So, I did not give you a direct answer. To me, it be comes a choice of a motherboard, or a pre-configured system.
You're right: I should have been more precise. I'm looking for a motherboard, with integrated graphics and a medium performance processor : the one I currently have does fulfil my needs, and I don't feel the need for more power. In fact, except this driver problem, I'm pretty happy with what I have...
How could I know what generation is the processor on a new motherboard? I don't even know what generation is my processor! I never understood the way Intel names its processors, and I'm lost in the jungle of i3, i5, i7, 7,8, 9 generation and places names...
Thanks for your help!
You have a 2nd gen processor. The i3, I5, i7 and such are specific to each generation regarding the number of cores and threads.
For example, an i7-4xxx is a 4th gen i7 processor, while an i7-8xxx is an 8th gen i7 processor.
Current generations, as supported by windows 10, are 3rd, 4th, 5th, 6th, 7th, 8th, and 9th. Note that ONLY windows 10 is supported on 7th gen and later.
A motherboard typically has a list of supported processors. When you find a motherboard that meets your needs and price, look at the supported processors for that board.
Of course, you could probably do better with a pre-configured system, which will typically come with Windows 10 (thus saving you the problem of getting a W10 license). I mention Dell only because they are widely available, not because I am partial to them (which I am not).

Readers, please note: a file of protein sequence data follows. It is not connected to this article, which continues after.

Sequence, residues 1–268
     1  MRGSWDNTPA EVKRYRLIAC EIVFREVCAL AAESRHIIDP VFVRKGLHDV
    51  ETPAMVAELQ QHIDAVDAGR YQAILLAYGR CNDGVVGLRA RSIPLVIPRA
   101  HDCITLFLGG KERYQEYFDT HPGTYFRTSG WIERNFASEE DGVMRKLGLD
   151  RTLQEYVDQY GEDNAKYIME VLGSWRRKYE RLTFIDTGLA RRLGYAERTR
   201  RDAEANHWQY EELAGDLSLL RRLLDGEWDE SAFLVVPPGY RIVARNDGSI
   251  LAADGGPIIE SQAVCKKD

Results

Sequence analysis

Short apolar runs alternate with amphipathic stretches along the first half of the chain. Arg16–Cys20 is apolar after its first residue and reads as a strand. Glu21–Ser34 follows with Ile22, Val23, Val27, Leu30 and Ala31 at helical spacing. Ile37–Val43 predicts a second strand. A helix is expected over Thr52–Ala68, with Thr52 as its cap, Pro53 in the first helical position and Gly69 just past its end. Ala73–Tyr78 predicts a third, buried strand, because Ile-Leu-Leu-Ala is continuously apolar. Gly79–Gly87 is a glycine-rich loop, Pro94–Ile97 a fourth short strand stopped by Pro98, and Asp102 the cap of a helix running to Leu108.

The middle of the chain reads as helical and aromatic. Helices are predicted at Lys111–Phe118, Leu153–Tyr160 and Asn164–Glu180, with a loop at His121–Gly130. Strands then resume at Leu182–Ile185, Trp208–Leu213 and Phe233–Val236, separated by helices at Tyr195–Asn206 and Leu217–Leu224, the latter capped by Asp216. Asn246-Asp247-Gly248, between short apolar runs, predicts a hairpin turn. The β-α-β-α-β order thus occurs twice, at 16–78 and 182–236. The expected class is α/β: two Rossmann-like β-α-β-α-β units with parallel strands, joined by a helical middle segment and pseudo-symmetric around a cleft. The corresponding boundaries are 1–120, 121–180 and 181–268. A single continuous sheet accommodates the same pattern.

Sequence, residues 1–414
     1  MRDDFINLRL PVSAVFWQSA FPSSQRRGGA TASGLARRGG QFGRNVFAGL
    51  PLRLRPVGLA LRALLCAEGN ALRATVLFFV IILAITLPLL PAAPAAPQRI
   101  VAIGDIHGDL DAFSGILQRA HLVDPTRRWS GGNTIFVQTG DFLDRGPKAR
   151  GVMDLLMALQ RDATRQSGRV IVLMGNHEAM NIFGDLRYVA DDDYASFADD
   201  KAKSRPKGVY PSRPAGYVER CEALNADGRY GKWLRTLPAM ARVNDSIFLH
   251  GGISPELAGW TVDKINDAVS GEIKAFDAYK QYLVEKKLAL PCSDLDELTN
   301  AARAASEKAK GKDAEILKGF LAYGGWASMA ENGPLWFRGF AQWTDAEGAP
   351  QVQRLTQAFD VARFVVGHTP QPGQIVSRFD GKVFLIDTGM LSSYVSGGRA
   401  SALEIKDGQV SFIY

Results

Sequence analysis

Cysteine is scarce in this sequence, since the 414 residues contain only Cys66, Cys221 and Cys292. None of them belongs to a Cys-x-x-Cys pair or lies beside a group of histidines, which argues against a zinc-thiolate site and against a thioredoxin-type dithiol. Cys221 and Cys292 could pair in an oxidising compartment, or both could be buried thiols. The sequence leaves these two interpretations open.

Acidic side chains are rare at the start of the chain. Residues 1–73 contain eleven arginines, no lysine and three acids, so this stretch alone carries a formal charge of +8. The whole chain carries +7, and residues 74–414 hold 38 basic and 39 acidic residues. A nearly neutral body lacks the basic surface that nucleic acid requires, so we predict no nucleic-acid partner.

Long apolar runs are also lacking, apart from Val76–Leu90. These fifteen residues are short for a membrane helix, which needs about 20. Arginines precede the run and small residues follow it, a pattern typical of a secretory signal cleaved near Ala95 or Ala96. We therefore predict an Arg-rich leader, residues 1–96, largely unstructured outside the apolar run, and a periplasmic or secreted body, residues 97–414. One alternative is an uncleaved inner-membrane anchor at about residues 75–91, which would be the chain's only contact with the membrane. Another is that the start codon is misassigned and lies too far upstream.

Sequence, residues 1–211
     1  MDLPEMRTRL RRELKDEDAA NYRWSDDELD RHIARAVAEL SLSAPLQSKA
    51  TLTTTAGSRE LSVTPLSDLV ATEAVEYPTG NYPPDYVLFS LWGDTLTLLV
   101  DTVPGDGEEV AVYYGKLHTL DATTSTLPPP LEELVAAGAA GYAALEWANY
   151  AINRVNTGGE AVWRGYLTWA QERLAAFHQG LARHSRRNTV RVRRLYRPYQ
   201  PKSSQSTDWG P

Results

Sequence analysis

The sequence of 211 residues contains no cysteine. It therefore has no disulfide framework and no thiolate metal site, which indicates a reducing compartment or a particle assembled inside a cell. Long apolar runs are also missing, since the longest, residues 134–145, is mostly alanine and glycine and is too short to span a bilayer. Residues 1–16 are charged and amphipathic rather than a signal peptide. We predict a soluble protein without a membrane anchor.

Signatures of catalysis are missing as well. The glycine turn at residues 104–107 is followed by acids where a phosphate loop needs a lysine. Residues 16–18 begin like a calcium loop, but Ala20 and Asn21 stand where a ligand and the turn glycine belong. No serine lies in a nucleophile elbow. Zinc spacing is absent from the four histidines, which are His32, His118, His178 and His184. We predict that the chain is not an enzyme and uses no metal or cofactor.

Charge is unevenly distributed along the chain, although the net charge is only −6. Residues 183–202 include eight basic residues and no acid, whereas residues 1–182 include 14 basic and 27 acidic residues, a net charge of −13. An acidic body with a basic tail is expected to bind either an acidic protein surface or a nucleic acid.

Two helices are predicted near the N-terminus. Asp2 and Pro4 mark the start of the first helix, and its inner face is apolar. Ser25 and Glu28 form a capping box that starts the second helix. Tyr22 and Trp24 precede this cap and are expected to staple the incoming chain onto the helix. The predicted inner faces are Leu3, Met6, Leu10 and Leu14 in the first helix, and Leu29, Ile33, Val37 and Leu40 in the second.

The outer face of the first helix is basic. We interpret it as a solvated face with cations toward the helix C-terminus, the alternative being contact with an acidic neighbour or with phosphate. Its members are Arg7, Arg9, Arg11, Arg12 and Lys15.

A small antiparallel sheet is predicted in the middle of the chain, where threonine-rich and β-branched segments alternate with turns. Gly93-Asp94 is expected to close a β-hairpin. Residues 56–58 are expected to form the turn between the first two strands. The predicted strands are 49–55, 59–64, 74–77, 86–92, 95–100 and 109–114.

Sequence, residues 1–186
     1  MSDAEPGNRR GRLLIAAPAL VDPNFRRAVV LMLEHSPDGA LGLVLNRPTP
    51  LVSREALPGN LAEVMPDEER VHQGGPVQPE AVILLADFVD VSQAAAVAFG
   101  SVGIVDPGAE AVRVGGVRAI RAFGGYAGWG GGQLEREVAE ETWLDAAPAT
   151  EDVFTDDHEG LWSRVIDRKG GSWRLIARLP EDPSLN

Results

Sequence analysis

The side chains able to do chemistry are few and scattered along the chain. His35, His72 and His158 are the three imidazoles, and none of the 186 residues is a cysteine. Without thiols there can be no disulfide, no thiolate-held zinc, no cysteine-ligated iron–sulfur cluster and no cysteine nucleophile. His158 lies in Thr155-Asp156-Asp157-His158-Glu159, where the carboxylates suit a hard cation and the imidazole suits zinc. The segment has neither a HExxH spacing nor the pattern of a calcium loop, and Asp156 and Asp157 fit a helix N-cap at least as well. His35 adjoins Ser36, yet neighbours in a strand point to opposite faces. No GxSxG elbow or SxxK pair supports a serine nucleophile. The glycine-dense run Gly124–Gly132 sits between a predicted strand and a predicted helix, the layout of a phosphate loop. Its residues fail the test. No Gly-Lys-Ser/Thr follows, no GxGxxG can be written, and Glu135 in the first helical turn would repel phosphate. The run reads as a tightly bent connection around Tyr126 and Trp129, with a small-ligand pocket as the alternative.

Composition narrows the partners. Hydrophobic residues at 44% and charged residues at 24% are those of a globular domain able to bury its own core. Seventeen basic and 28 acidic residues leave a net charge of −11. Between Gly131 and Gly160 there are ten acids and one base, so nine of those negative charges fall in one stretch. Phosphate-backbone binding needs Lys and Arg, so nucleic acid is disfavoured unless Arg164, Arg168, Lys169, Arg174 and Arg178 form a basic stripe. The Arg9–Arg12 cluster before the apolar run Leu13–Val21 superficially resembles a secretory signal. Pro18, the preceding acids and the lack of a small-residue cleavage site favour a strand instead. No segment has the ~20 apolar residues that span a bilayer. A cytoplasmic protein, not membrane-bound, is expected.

Ah, this is quite clear, thank you! At last, an understandable numbering rule!
But, then, why does my processor is identified as "Processor Name: Intel(R) Pentium(R) CPU G840 @ 2.80GHz" and not as i2-2xxx ?
Another example : if I buy an Asus MB, like this one :
https://www.amazon.com/Asus-H81M-P-PLUS-Desktop-Motherboard/dp/B010ZOF3XO/ref=sr_1_5?ie=UTF8&qid=153... Amazon.com: Asus H81M-P PLUS Desktop Motherboard - Intel H81 Chipset - Socket H3 LGA-1150 - Micro ATX: Electronics
how can I guess which processors will fir on it? The documentation gives a big bunch of references, but nothing looking like ix-yzzz 😞
Sure, buying a Dell system would be much more comfortable. But much more expansive, too... And not so easy, either :
What could be the generation of the processor in this one, by example?
https://www.amazon.com/Dell-Inspiron-i3650-5609SLV-Desktop-Pentium/dp/B01JH9B5P8/ref=sr_1_13?s=pc&ie... Amazon.com: Dell Inspiron i3650-5609SLV Desktop (Intel Pentium G4400 , 4GB RAM, 1 TB HDD): Computers & Accessories
I'm afraid I'll still have to spend a long time with my fuzzy display... It didn't crashed for these last five days!
1. Not everything follows the basic explanation I provided. But, here is your Sandy Bridge 2nd gen processor.
https://ark.intel.com/products/53490/Intel-Pentium-Processor-G840-3M-Cache-2-80-GHz- Intel® Pentium® Processor G840 (3M Cache, 2.80 GHz) Product Specifications
The asus support site provides a list of supported processors.
For the dell, the processor is a 6th gen processor.
https://ark.intel.com/products/88179/Intel-Pentium-Processor-G4400-3M-Cache-3-30-GHz- Intel® Pentium® Processor G4400 (3M Cache, 3.30 GHz) Product Specifications
While Intel used a numbering scheme that made the Core processor line easily identifiable as to generation and class (i3, i5, etc.). the Pentium and Celeron lines remain terribly obfuscated. Especially for these older processors, all you can do is go to https://ark.intel.com/ Intel® Product Specifications ( https://ark.intel.com) and have it tell you the generation and chipset it matches up with.
Well, it looks simple... when you know where to search!
Thanks for the answers, anyway.
So this Dell would be a not so bad choice to have a PC able to last a few years before MS decides to drop the 6th gen processors in its OS? And I could reuse my DDR3 RAM...